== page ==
Officials of Aish HaTorah, one of Orthodox Judaism’s most successful outreach programs, have launched a controversial media campaign depicting masses of Muslims worldwide — including mainstream American Muslims — as an extremist threat, while Aish itself denies involvement in the effort.

In moves suggesting a new, more partisan direction for Aish activists, spin-offs of the popular educational group have produced or promoted films depicting anti-Western Islamic extremists as heading a mass movement enjoying the avid support of tens of millions of Muslims worldwide who are keen to bring down Western civilization.

Charges of presidential politics have also entered the picture: Last month, an Aish offshoot, the Clarion Fund, distributed millions of DVDs of one of the films, “Obsession,” to swing states in the presidential campaign.

And until it was removed recently, Clarion’s Web site touted the counter-terrorism policies of Sen. John McCain, the GOP presidential candidate, as superior to those of Sen. Barack Obama, the Democratic nominee.

DVD copies of “Obsession” were also inserted into a book that went out last March to about 20,000 members of the Republican Jewish Coalition, a partisan political organization. The coalition distributed the book, via a Virginian mailing house, at the request of Christians United for Israel, an Evangelical group opposed to a two-state solution of the Israeli-Palestinian conflict. Both CUFI and the RJC deny they were responsible for the insertion.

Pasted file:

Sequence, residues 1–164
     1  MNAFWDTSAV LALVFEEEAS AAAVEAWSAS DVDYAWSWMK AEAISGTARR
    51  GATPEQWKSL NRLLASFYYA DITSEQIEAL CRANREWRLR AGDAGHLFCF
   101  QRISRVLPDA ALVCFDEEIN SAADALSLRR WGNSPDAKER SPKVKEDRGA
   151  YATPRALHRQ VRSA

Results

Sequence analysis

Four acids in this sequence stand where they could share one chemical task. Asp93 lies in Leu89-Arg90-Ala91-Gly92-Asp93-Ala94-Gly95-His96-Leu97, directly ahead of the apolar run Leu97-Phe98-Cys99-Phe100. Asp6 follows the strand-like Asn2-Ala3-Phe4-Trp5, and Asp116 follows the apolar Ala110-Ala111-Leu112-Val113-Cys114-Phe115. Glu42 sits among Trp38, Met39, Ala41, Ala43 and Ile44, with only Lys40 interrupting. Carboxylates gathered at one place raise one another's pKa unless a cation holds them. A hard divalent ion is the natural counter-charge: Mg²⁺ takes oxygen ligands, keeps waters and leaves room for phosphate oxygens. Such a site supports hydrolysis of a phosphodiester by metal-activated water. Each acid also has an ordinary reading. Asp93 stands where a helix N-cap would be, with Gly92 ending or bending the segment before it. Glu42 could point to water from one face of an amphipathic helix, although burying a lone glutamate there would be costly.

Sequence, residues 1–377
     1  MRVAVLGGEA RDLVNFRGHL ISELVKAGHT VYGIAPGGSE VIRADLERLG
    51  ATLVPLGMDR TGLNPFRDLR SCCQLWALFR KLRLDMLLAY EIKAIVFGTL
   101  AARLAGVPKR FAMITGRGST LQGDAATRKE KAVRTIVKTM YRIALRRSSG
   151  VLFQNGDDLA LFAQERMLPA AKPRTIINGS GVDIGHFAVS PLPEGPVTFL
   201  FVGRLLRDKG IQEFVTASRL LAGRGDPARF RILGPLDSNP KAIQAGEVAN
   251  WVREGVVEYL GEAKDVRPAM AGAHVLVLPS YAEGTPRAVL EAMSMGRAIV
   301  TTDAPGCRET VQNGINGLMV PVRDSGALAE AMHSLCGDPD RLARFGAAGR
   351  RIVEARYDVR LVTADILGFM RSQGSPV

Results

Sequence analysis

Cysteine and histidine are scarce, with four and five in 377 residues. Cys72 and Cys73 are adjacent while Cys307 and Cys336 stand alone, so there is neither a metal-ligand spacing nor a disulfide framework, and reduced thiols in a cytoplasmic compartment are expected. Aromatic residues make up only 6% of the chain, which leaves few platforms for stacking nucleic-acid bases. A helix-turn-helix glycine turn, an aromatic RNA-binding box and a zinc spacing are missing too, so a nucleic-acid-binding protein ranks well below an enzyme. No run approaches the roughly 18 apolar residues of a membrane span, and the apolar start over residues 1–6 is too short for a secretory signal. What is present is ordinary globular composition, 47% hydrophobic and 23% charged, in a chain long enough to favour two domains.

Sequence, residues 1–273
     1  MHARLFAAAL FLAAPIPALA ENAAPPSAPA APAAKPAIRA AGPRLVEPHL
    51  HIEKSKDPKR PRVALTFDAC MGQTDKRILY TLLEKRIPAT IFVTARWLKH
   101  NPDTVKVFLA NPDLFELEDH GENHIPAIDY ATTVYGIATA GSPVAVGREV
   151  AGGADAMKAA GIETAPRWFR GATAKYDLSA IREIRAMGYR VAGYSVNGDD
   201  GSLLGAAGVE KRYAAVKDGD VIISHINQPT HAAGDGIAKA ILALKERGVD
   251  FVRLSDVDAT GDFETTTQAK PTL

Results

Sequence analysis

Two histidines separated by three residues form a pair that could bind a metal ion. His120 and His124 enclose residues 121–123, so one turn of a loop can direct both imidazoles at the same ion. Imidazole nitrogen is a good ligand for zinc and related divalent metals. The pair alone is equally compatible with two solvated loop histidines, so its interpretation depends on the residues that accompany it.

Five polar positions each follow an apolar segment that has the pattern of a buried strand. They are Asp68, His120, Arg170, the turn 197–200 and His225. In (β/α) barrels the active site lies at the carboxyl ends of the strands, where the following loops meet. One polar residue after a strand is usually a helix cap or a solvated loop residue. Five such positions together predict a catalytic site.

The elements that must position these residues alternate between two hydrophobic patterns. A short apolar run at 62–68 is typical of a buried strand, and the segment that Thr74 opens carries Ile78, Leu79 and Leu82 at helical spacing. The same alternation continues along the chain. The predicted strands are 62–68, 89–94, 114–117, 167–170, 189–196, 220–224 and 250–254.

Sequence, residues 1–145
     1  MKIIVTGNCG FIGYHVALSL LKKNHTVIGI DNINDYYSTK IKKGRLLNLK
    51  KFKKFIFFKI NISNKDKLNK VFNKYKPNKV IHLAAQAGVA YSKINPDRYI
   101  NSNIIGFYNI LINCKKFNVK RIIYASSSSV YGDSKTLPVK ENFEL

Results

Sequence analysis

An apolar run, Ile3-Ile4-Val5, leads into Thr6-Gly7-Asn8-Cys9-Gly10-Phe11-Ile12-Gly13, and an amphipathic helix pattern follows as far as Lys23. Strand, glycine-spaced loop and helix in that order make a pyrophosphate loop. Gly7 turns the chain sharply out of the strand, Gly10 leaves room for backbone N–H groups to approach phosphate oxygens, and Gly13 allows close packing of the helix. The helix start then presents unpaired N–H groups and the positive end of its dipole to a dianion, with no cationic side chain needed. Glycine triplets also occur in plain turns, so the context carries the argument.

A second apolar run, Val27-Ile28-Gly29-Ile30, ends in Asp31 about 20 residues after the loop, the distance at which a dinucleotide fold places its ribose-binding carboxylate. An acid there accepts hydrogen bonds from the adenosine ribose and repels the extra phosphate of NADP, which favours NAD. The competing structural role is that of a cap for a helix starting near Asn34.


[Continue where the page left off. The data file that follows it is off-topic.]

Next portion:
Critics charge that Clarion, a tax-exempt charity, has inserted itself into a partisan political race in violation of its charitable status. But officials at Clarion Fund reject this. And Aish HaTorah, with a yeshiva and branches in 35 cities around the world, adamantly denies any involvement in the film.

“We have people involved in different things all around the world,” said Aish spokesman Ronn Torossian. “Two employees were involved in the film. We [also] have Aish employees in Brazil involved in green campaigns and rabbis in New York who run the marathon.”

In fact, at least six top Aish HaTorah officials are tied to “Obsession” via Aish spin-offs, including Clarion’s president and two vice presidents. Clarion’s address is also the same as that of Aish HaTorah International, a fundraising arm of Aish HaTorah.

Now, the content of “Obsession” and its ties to Aish are leading some rabbis to strongly criticize the production — and Aish HaTorah itself —for, as they view it, using a broad brush-stroke to smear the entire Muslim community. Some fear the central role of Aish HaTorah officials in “Obsession” and two other films by the same producers puts Jews at the center of those promoting a “clash of civilizations.”

“Obsession,” said Rabbi Jack Moline of Agudas Achim Congregation, a Conservative synagogue in Alexandria, Va., is “the protocols of the learned elders of Saudi Arabia.”

Rabbi Moline, named by Newsweek this year as one of the country’s top 25 pulpit rabbis, added, “The integrity of our own Jewish community requires that people speak up critically” about the film. (Full Story)


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